Trench Mouth: What it is – What causes it – What to do about it

What Is Trench Mouth?

Rarely occurring these days, trench mouth got its name during World War I. Soldiers stuck in the trenches had little means to practice good oral hygiene, and were frequently affected by this painful infection of the gums and mouth tissues. The symptoms come about suddenly in most cases, but they don’t take long to worsen. In can manifest so quickly in fact that the painful ulcers that develop can cause tissue to begin dying by the time it’s diagnosed. Because of this, its medical name is acute necrotizing ulcerative gingivitis (ANUG).

Symptoms Of Trench Mouth

Symptoms begin suddenly, most often beginning with bad breath and a very foul taste in the mouth. If these symptoms appear where they did not before, be sure to ramp up your oral hygiene to help stave it off. Other symptoms of trench mouth that you may notice if it continues to develop are:

  • Severe gum pain
  • Bleeding from gums when pressed even slightly
  • Red, swollen gums
  • Pain when eating and swallowing
  • Gray film over the gums
  • Crater-like sores/ulcers between the teeth and gums
  • Fever
  • Swollen lymph nodes around the head, neck, and jaw

 Progression of trench mouth

Trench Mouth's Progression from beginning to severe

Dangers of trench mouth

Because trench mouth manifests so quickly, the real danger lies in the potential for tooth loss due to the rapid loss of gum tissue and bone that support the teeth. If you begin to experience any of the symptoms mentioned above, you should consult your dentist or doctor immediately. If proper measures are not taken quickly enough, the infection can spread to the cheeks and face. This can cause further tissue destruction, and can complicate things to a much higher degree.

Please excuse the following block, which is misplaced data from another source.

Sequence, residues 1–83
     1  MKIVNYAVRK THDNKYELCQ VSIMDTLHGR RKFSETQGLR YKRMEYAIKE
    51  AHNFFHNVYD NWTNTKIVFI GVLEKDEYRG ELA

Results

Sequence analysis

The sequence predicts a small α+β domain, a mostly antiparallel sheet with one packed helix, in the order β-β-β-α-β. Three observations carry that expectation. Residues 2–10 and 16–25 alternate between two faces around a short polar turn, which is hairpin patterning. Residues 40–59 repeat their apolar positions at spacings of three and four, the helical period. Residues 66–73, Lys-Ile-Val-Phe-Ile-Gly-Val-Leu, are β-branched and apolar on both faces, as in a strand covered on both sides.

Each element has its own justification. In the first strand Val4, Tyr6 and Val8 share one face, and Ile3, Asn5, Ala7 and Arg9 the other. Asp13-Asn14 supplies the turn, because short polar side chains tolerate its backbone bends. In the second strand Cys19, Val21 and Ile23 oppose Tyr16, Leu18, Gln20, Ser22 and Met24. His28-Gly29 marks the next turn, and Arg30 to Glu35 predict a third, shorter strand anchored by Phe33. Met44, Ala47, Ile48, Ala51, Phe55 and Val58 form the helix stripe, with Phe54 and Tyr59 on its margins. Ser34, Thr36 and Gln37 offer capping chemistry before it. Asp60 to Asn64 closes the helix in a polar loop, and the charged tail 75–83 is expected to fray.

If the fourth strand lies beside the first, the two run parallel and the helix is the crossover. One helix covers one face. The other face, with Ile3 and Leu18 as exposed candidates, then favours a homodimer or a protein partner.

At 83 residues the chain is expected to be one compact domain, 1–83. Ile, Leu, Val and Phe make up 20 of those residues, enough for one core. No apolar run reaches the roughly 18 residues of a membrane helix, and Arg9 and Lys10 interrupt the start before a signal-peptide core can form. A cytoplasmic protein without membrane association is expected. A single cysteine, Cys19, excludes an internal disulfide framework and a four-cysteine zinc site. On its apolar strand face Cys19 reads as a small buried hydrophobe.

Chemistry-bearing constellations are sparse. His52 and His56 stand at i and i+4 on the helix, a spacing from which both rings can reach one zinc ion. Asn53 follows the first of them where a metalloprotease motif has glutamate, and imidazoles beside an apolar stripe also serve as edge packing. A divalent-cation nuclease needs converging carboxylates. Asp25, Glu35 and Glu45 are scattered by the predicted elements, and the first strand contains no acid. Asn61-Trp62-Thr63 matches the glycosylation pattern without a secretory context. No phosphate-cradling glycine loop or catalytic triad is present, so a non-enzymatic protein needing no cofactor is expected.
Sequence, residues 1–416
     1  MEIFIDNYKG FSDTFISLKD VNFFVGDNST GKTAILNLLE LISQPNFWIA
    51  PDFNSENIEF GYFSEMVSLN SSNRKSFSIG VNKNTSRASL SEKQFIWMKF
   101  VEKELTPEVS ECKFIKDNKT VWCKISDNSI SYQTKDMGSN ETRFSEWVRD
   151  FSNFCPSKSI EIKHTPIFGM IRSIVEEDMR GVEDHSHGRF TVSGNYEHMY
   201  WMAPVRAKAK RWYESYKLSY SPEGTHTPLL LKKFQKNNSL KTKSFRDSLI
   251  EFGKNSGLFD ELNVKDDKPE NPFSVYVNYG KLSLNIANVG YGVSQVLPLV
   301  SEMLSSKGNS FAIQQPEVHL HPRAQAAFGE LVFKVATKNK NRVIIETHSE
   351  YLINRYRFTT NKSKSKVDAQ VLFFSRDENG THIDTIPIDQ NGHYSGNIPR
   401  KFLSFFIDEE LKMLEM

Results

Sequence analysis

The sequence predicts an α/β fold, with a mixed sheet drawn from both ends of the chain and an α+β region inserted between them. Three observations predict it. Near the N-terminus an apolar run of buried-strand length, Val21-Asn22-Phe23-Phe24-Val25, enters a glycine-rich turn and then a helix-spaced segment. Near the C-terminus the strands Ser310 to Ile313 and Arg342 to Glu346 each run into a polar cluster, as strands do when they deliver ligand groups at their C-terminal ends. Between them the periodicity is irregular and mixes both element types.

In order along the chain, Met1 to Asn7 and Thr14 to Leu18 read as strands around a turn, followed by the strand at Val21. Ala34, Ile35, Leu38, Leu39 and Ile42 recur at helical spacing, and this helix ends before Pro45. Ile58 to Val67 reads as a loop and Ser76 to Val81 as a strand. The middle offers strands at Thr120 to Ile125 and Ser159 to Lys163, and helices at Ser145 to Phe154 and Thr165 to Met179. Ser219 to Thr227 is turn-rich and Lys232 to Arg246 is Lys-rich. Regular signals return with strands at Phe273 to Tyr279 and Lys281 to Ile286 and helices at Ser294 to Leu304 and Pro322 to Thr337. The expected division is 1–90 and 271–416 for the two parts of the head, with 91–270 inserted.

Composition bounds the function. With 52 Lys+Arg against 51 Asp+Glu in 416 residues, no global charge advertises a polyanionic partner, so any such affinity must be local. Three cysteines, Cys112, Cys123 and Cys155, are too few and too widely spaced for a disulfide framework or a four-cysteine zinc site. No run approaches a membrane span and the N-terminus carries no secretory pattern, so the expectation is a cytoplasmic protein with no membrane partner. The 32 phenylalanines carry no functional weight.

What causes trench mouth?

Excessive harmful bacteria that builds up in the mouth is the main cause of trench mouth. This can be expedited by factors such as smoking and oral infections. Other risk factors are emotional stress, poor oral hygiene, poor diet, and lack of sleep. Immune system deficiencies like HIV and AIDS can make you more susceptible as well as smoking.

How to prevent trench mouth

The best way to prevent trench mouth from occurring is by ensuring that you are performing good oral hygiene, and visiting your dentist for professional cleanings at least every 6 months. If you have recurring problems, your dentist may recommend more frequent visits, or changes to your nutrition and exercise to improve your overall health.

Treatment of trench mouth

In order to treat trench mouth, you will need to execute a very thorough oral hygiene regimen. Be absolutely sure that you brush your teeth at least twice a day (preferably between meals), floss daily, and use an antibacterial mouth rinse to reach all the places your brush cannot. Over the counter pain relievers can help to ease discomfort, as can rinses of salt or hydrogen peroxide. Your dentist or doctor may prescribe a prescription antibiotic if the infection is severe enough to cause a fever.

Costs of trench mouth

Average Cost Of Treating Trench Mouth

What to do about it

The most important thing to do regarding trench mouth is to practice good preventative care. It got its name from situations where soldiers could not perform oral hygiene, and the painful mouth ulcers that appeared from this neglect should be a warning that as the old saying goes, “an ounce of prevention is worth a pound of cure”. Be sure to brush at least twice a day, floss daily, and use a mouthwash to eliminate all the bacteria from the mouth and throat that can lead to this. Be careful to steer clear of most name brand products, as most actually contain ingredients that can create the perfect environment for bacteria to flourish. If you’re practicing good oral hygiene and still having difficulty, seek out natural products that don’t contain the harmful additives.

Did it ever occur to you that the least expensive and painful option might be found in nature? Why not try a great product that provides natural relief?

OraMD.com

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